Across the nation, a rising irritation with public employee unions is palpable, as a wounded economy has blown gaping holes in state, city and town budgets, and revealed that some public pension funds dangle perilously close to bankruptcy. In California, New York, Michigan and New Jersey, states where public unions wield much power and the culture historically tends to be pro-labor, even longtime liberal political leaders have demanded concessions - wage freezes, benefit cuts and tougher work rules.

It is an angry conversation. Union chiefs, who sometimes persuaded members to take pension sweeteners in lieu of raises, are loath to surrender ground. Taxpayers are split between those who want cuts and those who hope that rising tax receipts might bring easier choices.

And a growing cadre of political leaders and municipal finance experts argue that much of the edifice of municipal and state finance is jury-rigged and, without new revenue, perhaps unsustainable. Too many political leaders, they argue, acted too irresponsibly, failing to either raise taxes or cut spending.

A brutal reckoning awaits, they say.

These battles play out in many corners, but few are more passionate than in New Jersey, where politics tend toward the moderately liberal and nearly 20 percent of the work force is unionized (compared with less than 14 percent nationally). From tony horse-country towns to middle-class suburbs to hard-edged cities, property tax and unemployment rates are high, and budgets are pools of red ink.

A new regime in state politics is venting frustration less at Goldman Sachs executives (Governor Christie vetoed a proposed "millionaire's tax" this year) than at unions. Newark recently laid off police officers after they refused to accept cuts, and Camden has threatened to lay off half of its officers in January.

Fred Siegel, a historian at the conservative-leaning Manhattan Institute, has written of the "New Tammany Hall," which he describes as the incestuous alliance between public officials and labor.

"Public unions have had no natural adversary; they give politicians political support and get good contracts back," Mr. Siegel said. "It's uniquely dysfunctional."

Even if that is so, this battle comes woven with complications. Across the nation in the last two years, public workers have experienced furloughs and pay cuts. Local governments shed 212,000 jobs last year.

A raft of recent studies found that public salaries, even with benefits included, are equivalent to or lag slightly behind those of private sector workers. The Manhattan Institute, which is not terribly sympathetic to unions, studied New Jersey and concluded that teachers earned wages roughly comparable to people in the private sector with a similar education.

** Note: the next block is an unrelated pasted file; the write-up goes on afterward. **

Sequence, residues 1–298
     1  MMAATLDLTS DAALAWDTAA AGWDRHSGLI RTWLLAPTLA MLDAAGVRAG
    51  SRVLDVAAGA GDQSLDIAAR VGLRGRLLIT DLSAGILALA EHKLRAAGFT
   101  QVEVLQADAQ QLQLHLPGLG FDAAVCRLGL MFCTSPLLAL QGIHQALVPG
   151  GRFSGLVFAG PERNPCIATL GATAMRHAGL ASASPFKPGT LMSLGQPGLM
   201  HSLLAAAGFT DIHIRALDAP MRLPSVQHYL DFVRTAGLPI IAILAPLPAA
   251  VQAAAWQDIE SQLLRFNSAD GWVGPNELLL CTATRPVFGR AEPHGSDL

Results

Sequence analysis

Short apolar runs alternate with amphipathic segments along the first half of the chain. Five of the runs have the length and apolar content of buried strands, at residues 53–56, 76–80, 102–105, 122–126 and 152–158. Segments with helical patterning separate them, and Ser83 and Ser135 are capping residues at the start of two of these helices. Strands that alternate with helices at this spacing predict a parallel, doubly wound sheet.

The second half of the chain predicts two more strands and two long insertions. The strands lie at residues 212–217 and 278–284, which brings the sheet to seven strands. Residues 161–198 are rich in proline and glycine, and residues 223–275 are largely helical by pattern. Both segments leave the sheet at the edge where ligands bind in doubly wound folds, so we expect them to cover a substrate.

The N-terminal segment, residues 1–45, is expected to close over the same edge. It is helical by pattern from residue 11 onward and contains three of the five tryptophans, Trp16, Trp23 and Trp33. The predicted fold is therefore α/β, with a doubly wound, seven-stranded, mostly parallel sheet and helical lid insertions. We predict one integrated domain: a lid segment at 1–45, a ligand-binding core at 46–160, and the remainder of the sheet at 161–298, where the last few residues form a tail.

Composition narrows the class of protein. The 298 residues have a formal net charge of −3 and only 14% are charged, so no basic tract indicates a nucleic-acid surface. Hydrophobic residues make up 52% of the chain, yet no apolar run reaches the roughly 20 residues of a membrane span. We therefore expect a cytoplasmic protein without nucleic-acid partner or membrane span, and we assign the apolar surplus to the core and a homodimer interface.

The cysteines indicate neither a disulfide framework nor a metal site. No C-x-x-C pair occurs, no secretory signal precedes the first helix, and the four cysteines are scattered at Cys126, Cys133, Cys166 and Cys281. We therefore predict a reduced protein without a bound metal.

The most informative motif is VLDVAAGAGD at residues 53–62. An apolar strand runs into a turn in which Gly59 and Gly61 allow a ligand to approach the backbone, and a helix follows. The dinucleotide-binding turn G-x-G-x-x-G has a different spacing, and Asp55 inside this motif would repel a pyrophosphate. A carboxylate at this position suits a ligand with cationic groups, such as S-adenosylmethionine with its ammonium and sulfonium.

Benefits tend to be the sorest point. From Illinois to New Jersey, politicians have refused to pay into pension funds, creating deeper and deeper shortfalls.

In California, pension costs now crowd out spending for parks, public schools and state universities; in Illinois, spiraling pension costs threaten the state with insolvency.

And taxpayer resentment simmers.

Trouble in New Jersey

To venture into Washington Township in southern New Jersey is to walk the frayed line between taxpayer and public employees, and to hear anger and ambivalence. So many Philadelphians have flocked here over the years that locals call it "South Philly with grass."

These expatriates tend to be Democrats and union members, or sons and daughters of the same. But property taxes are rising fast, and voters favored Governor Christie, a Republican. Bill Rahl, a graying plug of a retiree, squints and holds his hand against his throat. "I'm up to here with taxes, I can't breathe, O.K.?" he says. "I don't know about asking anyone to give up a pension. Just don't ask for no more."

Governor Christie faced a vast deficit when he took office last January, and much of the federal stimulus aid for schools was exhausted by June. So he cut deeply into state aid for education; Washington Township lost $900,000. That forced the town to rely principally on property taxes. (Few states lean as heavily on property taxes to finance education; New Jersey ranks 45th in state aid to education.) The town turned its construction office over to a private contractor and shed a few employees.

Assemblyman Paul D. Moriarty, a liberal Democrat, served four years as mayor of Washington Township. As the bill for pension and health benefits for town employees soared, he struggled to explain this to constituents.